Category: upswing baby names
There’s a theory that baby names come back in style about every 80-100 years. Names that come back in style after 80-100 years are often called vintage or revival names.
Based on that theory, baby names from the 1930s (about 80 years from time of writing) should be the next wave of vintage revival names, poised to appear on monogrammed nursery accessories within the next 10-30 years.
But here’s the thing: the biggest revival names aren’t usually the mega-hit top 10 names from 80-100 years ago. The biggest revival names are usually the names that were moderately popular the first time around.
A perfect example of the 80-100 year rule is 2012’s top girl name, Sophia. Sophia had been somewhat popular over a century ago and then gradually declined, only to turn around in the 1990s when it rapidly climbed the Social Security list. However, Sophia is a lot more popular now than it was during its first peak back in 1882 at #116.
Based on that knowledge I set out to find names from the 1930s that weren’t always super common top 10 names, but rather names that peaked during that time and seem to represent the style of the decade.
This diversity is a source of pride for many Americans. Consequently, when naming their offspring some Americans like to recognize the country of their ancestors.
And coincidentally most of these ancestors come from countries with lovely lyrical romance languages–languages such as Greek, Italian, and Spanish. There are also many Americans who claim Irish heritage, another source of trendy names.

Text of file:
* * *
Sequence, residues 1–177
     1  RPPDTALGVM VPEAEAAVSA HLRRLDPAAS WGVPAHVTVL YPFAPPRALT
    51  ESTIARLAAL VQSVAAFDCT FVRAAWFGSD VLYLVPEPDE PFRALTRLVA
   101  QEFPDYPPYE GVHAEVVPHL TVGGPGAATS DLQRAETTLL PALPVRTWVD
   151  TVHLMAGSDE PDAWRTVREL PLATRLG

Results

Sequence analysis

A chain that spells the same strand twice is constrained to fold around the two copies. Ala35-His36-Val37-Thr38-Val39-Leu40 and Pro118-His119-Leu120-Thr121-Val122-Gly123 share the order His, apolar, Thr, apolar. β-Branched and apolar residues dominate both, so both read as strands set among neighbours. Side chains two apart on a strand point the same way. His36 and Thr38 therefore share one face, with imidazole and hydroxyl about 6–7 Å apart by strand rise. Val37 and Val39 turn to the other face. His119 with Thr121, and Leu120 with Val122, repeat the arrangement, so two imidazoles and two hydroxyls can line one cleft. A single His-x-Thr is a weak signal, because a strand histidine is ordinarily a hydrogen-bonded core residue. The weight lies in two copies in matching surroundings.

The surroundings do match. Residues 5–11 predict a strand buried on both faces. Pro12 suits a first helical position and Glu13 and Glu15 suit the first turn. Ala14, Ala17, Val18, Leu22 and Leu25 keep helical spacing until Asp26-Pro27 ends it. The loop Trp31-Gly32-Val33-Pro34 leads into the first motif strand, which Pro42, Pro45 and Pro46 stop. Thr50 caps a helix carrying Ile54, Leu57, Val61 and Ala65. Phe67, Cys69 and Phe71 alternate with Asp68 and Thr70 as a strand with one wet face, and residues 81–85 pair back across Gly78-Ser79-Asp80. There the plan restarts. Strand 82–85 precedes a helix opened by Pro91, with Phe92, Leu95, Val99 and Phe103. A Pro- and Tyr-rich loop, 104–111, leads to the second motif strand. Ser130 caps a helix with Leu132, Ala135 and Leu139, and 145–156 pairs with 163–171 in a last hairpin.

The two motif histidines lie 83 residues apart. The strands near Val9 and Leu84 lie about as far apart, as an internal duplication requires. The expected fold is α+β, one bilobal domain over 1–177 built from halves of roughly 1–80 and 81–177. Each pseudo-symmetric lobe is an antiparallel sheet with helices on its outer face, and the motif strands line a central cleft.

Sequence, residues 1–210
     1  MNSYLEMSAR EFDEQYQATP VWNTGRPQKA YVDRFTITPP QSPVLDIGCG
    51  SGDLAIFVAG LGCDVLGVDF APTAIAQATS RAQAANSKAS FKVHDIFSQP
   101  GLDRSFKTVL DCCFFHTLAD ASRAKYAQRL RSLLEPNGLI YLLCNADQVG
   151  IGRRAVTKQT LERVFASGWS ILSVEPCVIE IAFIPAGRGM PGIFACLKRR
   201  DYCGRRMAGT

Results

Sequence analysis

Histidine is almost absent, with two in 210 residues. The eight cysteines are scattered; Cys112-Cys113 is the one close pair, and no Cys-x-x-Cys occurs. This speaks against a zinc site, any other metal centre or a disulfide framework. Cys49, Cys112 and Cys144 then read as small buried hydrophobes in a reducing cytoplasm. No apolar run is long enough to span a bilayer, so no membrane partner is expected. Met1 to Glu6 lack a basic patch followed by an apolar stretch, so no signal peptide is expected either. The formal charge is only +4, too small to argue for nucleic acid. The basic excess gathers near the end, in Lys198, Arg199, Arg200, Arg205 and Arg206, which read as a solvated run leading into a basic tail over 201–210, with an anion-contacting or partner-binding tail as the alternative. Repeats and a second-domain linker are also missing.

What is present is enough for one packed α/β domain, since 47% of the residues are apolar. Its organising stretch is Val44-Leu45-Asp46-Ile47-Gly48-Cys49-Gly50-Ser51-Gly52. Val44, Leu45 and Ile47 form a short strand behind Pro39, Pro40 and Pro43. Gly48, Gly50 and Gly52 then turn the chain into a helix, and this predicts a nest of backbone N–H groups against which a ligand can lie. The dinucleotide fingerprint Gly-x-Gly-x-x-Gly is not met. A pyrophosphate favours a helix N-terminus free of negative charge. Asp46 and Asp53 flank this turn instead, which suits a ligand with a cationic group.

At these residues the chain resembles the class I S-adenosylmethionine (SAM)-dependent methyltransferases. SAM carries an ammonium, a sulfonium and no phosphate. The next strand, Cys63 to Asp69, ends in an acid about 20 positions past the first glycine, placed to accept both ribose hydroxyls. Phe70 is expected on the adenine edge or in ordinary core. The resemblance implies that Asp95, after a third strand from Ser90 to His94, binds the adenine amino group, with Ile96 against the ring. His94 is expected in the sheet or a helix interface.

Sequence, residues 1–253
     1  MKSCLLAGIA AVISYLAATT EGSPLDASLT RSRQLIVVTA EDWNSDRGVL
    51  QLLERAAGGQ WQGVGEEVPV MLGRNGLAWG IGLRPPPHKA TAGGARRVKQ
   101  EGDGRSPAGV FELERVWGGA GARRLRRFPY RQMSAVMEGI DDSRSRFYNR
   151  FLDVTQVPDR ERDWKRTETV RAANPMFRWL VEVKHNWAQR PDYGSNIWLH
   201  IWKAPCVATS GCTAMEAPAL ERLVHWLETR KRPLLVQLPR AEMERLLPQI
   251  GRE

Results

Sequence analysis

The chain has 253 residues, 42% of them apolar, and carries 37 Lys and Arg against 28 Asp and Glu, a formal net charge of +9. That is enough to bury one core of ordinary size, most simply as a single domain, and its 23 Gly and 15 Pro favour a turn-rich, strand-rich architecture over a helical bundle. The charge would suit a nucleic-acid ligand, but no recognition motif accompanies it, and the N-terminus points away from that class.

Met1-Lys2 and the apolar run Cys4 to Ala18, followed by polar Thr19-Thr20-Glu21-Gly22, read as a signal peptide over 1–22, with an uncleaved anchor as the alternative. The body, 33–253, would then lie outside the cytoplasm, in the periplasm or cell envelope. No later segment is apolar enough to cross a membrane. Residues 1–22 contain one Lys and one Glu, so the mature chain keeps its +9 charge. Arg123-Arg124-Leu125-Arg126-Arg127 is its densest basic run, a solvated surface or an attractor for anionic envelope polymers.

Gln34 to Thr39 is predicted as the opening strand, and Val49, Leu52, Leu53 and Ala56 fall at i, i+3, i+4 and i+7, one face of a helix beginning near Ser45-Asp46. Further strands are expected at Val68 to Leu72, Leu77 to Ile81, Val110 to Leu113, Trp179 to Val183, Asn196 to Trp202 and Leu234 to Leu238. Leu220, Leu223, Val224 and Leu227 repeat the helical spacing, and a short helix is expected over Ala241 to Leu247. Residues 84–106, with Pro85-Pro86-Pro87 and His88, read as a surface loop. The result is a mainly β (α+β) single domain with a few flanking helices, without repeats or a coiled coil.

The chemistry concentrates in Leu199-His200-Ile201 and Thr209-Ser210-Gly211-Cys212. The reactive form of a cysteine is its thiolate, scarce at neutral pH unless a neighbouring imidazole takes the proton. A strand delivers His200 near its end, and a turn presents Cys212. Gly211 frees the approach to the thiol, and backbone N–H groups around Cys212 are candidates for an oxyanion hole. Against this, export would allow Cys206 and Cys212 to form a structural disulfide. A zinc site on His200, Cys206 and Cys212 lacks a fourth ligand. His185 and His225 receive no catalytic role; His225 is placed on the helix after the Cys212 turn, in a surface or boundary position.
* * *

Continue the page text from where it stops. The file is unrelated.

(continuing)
I envied those Americans. My heritage doesn’t come from a place with a language that was considered lovely or fashionable when I had my kids.
The observant among you may notice my long, vowel-heavy last name that is–yes, Italian–and wonder why I was squawking.
I’m not Italian. Obscured by my married last name is my (mostly) German ancestry.
Often an inspiration for artwork and music, classic Americana is an untapped resource for baby names rich in history and culture.
These names have American roots. These names have an American image, but (with some exceptions) most aren’t even popular in America. But they have styles appealing to many American parents.
America – Admittedly this is not a surprising pick. What is surprising is how long America has been around as a given name. America first came into use as a given name in America in the 19th century. The name first made the Social Security top 1000 list back in 1880, the earliest year for name rankings.
The Victorian nickname trend that’s hot in the U.K. is getting attention in the U.S.—for girls.
Believe it or not, these names have potential on modern American boys.
Charlie is an example of a nickname-style name that is steadily becoming more popular in the U.S, although it has yet to capture the success it enjoys across the pond, where it ranked at #4 last year.
In the U.S. Charlie is a comeback name that was fashionable in the late 19th century when it consistently ranked in or near the top 30. Through most of the 20th century, Charlie gradually declined to its lowest rank in the 90′s when it ranked in the 400s. This past decade, Charlie has rebounded. Last year it reached #233.
Here are some other nicknames that share the same boyish charm as Charlie. Many were once popular in the U.S. and have comeback potential.
Legions of expectant parents search for that “underused classic” name each year.
But what exactly is an “underused classic” name? Do underused classic names even exist? Are they some impossible standard like names that are universally appealing and forever-guaranteed-to-stay-unique?
“Classic” can be interpreted differently by different people. Instead of describing a name as “classic” I usually use “traditional” or “timeless” instead.
Semantics aside, a working definition of how I decide what makes a name “classic” might be useful. And in my world there is more than one type of classic name:
Authentic Classics – Evergreen names like Elizabeth and James. Ideally these names have never left the top 50 since 1880, the earliest year name rankings are available from the Social Security Administration.